Even in its new iteration as the Wilayat Sinai, Ansar Bayt al-Maqdis stops short of implementing the Islamic State’s signature modus operandi of establishing local rule. The “Sawla” video holds Ansar Bayt al-Maqdis’ original position, appealing to an aggrieved local population by showing brutal home evictions at the hands of the Egyptian military; the final eight minutes of the video are dedicated to leader Al Masry’s impassioned rant, listing a litany of grievances against the state—including the humiliation of women, destruction of homes, and the military’s acquiescence to Israel. In the past, Ansar Bayt al-Maqdis has engaged in public relations campaigns to promote their presence as the “brothers and neighbors” of Sinai residents. Their second video as the Wilayat Sinai, published November 27, shows horrific footage of local children killed by an alleged Israeli drone strike. The third, published on December 5, shows the bodies of five local men, whom Al Masry describes as local residents who were killed at close range by security forces. Their continued attempt to win Egyptian hearts and minds reveals that they are cognizant of the fact that their ability to operate depends on local tolerance to their mission.

Ansar Bayt al-Maqdis’ move toward the Islamic State may spell an eventual deterioration of any sympathy felt by a local population who is largely opposed to the military but who may not feel affinity toward foreign fighters in their midst or relish the potential for increased violence and ensuing military response. However, there is a possibility that a population already disenfranchised might welcome an influx of resources and the Islamic State’s signature “development” model, should the group capitalize on these. Either scenario should signal a crucial moment to encourage a longer-term strategy to combat violent extremism in the region. Tit-for-tat escalation has not yet been successful, and it would be wise to implement more strategic and forward-thinking plans.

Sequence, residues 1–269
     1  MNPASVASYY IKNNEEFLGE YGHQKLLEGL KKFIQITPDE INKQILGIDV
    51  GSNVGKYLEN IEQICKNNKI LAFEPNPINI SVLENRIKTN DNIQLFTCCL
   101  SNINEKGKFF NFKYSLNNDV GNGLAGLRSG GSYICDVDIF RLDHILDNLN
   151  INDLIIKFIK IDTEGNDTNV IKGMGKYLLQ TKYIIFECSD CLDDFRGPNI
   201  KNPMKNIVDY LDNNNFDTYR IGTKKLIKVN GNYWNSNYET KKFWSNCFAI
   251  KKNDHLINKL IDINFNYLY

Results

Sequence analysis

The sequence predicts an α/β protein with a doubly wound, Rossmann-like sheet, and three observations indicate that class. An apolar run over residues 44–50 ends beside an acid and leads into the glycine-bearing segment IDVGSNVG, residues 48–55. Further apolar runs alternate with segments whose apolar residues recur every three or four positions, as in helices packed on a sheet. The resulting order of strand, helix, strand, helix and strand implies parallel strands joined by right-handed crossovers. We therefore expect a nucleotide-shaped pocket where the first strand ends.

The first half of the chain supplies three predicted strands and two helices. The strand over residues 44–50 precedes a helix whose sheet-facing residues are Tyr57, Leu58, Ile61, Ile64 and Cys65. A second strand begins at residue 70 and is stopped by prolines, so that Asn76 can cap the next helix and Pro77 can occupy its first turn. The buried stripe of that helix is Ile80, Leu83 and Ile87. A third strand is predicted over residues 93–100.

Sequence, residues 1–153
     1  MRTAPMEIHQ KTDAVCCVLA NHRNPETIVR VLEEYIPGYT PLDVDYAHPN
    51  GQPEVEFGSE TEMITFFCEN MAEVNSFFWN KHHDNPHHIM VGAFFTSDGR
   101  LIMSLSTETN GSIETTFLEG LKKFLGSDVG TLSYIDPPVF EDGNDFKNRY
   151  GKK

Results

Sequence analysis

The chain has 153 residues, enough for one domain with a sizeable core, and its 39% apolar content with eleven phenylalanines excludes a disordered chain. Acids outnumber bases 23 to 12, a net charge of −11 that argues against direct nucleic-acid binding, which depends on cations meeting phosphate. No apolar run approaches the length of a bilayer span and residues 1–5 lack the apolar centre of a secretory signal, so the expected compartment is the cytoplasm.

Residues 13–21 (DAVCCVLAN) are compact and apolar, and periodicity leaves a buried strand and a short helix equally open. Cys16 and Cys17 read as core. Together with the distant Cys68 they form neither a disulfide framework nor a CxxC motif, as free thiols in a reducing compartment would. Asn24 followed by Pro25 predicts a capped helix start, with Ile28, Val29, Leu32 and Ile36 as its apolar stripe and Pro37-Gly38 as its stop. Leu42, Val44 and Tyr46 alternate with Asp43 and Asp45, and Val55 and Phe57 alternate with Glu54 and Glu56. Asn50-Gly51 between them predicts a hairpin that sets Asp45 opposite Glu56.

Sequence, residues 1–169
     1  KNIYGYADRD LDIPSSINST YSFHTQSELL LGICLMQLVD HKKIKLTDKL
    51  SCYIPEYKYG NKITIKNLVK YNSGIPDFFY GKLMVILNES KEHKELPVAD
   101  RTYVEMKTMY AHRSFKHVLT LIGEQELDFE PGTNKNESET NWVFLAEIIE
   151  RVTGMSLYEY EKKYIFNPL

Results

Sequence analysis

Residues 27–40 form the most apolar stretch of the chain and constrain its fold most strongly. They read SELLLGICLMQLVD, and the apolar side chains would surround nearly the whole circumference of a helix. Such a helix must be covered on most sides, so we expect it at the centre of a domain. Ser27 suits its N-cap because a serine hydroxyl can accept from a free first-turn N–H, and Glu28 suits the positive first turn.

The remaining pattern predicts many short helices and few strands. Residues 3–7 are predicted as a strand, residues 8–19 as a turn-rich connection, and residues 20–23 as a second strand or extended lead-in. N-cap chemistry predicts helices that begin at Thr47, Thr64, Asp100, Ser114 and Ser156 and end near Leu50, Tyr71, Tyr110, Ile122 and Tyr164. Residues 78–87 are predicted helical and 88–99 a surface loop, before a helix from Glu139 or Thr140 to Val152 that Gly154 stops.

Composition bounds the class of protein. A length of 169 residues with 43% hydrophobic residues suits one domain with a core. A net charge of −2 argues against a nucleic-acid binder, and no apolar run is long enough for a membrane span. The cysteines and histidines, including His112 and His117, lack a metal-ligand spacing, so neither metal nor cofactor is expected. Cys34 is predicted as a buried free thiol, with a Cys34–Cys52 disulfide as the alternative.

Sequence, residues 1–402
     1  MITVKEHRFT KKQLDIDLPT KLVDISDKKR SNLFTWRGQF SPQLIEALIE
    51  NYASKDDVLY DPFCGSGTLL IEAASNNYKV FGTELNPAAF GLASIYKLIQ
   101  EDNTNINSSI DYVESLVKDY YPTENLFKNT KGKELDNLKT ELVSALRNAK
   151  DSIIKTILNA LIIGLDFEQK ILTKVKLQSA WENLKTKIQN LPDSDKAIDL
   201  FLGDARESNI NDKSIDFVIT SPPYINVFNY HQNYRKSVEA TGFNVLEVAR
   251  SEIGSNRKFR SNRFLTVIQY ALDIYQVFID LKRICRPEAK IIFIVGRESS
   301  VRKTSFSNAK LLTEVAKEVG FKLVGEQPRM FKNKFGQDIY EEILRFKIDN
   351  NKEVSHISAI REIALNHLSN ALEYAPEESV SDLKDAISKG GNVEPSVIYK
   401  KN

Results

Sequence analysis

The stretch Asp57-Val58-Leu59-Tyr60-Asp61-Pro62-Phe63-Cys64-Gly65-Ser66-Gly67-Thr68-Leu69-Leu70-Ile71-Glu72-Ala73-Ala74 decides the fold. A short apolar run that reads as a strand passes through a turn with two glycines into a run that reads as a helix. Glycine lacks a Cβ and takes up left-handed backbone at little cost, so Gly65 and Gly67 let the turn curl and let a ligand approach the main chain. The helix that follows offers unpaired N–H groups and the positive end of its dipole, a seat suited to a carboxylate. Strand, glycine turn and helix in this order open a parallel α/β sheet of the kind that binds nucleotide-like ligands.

Breaking the Cycle of Escalation

At a moment when policy approaches toward the region are chiefly driven by international engagement in the struggle against the Islamic State, the ongoing battle for the Sinai has significance beyond the desert peninsula. Already there is evidence of entrenched networks to facilitate the movement of goods and fighters from Libya to Iraq and beyond, through Egypt. Aside from the apprehension of weapons mentioned earlier, Egyptian fighters have been known to have fought and been killed in Libya and Iraq. While the creation of a buffer zone on the Gaza border is intended to stem illegal movement of fighters and goods from the east, Egypt’s western borders remain porous and often in the control of criminal networks. A recent attack on an Egyptian Navy ship outside the port of Damietta had been reported as the work of either smugglers or “terrorists.” Often the distinction is unclear (or simply two sides of the same coin) as the same networks and routes are accessed by both—what is understood from this attack is that criminal elements are operating in the Mediterranean between the Libyan border and Sinai.

In this sense, the United States is well positioned and should have significant interest in encouraging Egypt to combat its security threat. This should include support for a counter-terror strategy that supports the local population and does not undermine their rights both to security and to a dignified life. At this juncture, withholding of military and economic aid could maroon the North Sinai residents, leaving them at the mercy of a state bent on its campaign of “retribution” and the armed militants who will stop at nothing to combat it. And yet, continuing the no-questions-asked provision of advanced weaponry without ensuring its most effective use as part of a holistic strategy will simply maintain a status quo—a situation that has dangerous prospects both regionally and domestically.

It has been proven throughout the Sinai’s history that an exclusively security approach to combat militant violence is not effective—particularly when the violence is religiously motivated. Strategic military aid may be necessary but should be provided based on a clear understanding of the situation on the ground, new realities, and terror group allegiances. Advanced weaponry must be accompanied by extensive training programs to enhance the ability to target militants with the least damage possible to civilians and infrastructure.  Development plans to build licit economies, increased transparency on military operations, and the protection of human rights must also be essential components of a holistic strategy. Such efforts will guarantee both the ability to target militant operatives by encouraging effective intelligence networks, as well as lay the groundwork for the long-term eradication of smuggling networks and the critical local support upon which militants depend.  

[This analysis was written in conjunction with TIMEP’s Egypt Security Watch project. To subscribe to regular updates to the project, please fill out the form below.]